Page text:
AWCF and Pennsylvania American Water provided additional support to complete the driveway and parking lot, further improving access to Griffin Reservoir. The project also received funds allocated from the USA’s United Mine Workers of America Conservation Dinner in Fairmont, West Virginia.

Located in Lackawanna County, the 110-acre Pennsylvania American Water reservoir is flush with a variety of gamefish, including above-average populations of largemouth bass, bluegills and black crappies. The reservoir was opened to public shore-fishing 2011, but access was limited until the new pier was completed.

“This project is the culmination of a unique partnership that benefits our community,” said Pennsylvania American Water President Jeffrey McIntyre. “Working with both our Charitable Foundation and USA, we brought a team of volunteers together to create this beautiful spot that we are now able to share with every member of our community. Pennsylvania American Water is proud to continue its commitment to our communities and our neighbors.”

Griffin Reservoir

U.S. Navy veteran Clifford Davies told media members he is looking forward to returning to the pier on future fishing expeditions.

“The American Water Charitable Foundation was proud to support the Union Sportsmen’s Alliance with funding for this outstanding project, which will enable greater interaction with and appreciation for our water resources among the local community served by Pennsylvania American Water,” added Aldie Warnock, Chairman of the Board of Trustees for the American Water Charitable Foundation.

Pennsylvania AFL-CIO President Richard Bloomingdale and Secretary-Treasurer Frank Snyder were also on hand. “We’re just so proud to be part of a movement that helps our skilled union workers give back their time, energy and talents to make everyone’s lives better by being able to come out and enjoy this beautiful reservoir,” said Bloomingdale.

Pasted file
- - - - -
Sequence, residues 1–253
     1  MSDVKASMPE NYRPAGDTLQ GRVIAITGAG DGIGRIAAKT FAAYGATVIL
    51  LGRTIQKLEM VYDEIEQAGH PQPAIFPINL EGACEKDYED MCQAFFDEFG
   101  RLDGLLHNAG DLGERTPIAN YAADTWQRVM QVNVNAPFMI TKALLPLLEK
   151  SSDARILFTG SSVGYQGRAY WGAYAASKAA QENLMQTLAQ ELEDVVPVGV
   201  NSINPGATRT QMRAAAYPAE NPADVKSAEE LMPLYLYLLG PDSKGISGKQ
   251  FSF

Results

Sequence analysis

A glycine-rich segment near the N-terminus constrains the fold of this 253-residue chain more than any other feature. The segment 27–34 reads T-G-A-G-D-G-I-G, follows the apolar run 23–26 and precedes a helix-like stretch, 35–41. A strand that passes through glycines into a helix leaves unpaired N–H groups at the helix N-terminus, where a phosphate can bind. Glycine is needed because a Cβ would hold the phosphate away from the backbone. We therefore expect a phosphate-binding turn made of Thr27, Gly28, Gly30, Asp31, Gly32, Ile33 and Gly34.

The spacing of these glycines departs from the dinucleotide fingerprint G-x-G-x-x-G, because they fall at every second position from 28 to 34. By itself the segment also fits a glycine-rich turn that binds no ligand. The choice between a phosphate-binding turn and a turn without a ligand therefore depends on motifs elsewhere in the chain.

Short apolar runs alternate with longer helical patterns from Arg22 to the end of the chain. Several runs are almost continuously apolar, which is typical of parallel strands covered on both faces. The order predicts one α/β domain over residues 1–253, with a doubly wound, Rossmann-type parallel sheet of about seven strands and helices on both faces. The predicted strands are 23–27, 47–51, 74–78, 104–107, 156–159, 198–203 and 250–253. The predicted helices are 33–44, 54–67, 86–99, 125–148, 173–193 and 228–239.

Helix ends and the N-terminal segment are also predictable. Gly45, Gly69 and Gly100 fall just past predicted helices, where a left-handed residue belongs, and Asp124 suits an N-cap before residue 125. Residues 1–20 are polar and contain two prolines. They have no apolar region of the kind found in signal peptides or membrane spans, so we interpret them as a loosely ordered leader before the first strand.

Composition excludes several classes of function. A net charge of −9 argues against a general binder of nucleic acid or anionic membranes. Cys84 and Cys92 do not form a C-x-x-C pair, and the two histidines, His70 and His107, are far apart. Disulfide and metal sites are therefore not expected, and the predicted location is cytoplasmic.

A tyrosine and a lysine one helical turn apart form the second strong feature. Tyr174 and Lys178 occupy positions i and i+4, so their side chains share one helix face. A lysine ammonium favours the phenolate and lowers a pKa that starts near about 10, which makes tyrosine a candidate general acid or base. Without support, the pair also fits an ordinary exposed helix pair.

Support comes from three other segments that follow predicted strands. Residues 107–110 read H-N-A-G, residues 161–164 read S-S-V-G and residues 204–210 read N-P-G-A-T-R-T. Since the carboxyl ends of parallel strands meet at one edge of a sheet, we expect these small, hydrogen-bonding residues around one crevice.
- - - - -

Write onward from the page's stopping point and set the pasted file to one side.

“We are honored to work with Pennsylvania American Water, American Water Charitable Foundation and our many hardworking union volunteers, who joined forces through the Union Sportsmen’s Alliance’s Work Boots on the Ground program to complete the new fishing pier,” added USA Director of Conservation and Community Outreach Forrest Parker. “This project will benefit the local community for many years to come.”

While the veterans enjoyed their lakeside meal and fall fishing trip, they were also eager to return to the new pier on future fishing adventures. “This is great,” said Clifford Davies, a retired Navy veteran with 20 years of service. “I look forward to coming back here again next summer.”

USA Honors Brent Beasley and Mark Conroy as Roofers and Waterproofers Conservation Stewards of the Year

October 26, 2018 in Conservation News, General, Press Release

Brent Beasley (center) was one of two recipients of 2018 Roofers Conservation Steward of the Year Awards. Beasley accepted the award from United Union of Roofers, Waterproofers and Allied Workers International President Kinsey Robinson (left) and USA CEO and Executive Director Scott Vance (right).

The Union Sportsmen’s Alliance (USA) honored Brent Beasley and Mark Conroy with 2018 United Union of Roofers, Waterproofers and Allied Workers (RWAW) Conservation Steward of the Year Awards for their exemplary commitment to conservation and community service.

The awards recognize volunteers from each of the USA’s charter unions who have made exceptional contributions to the USA’s efforts to organize union volunteers to donate their time and unique trade skills in the preservation of North America’s outdoor heritage.

Beasley, of Orange, California, serves as business manager of RWAW Local 220, president of the union’s Western Regional District Council and RWAW International 9th vice president. He is a tireless, longtime supporter of USA conservation projects and events.

“Brent has been an integral volunteer on the USA team since our organization’s inception,” said USA Director of Special Events Heather Tazelaar. “For example, he was essential in finding nearly 100 volunteers for our 2014 Bolsa Chica Wetlands restoration project that brought local families and skilled tradespersons together to restore a one-mile stretch of trail.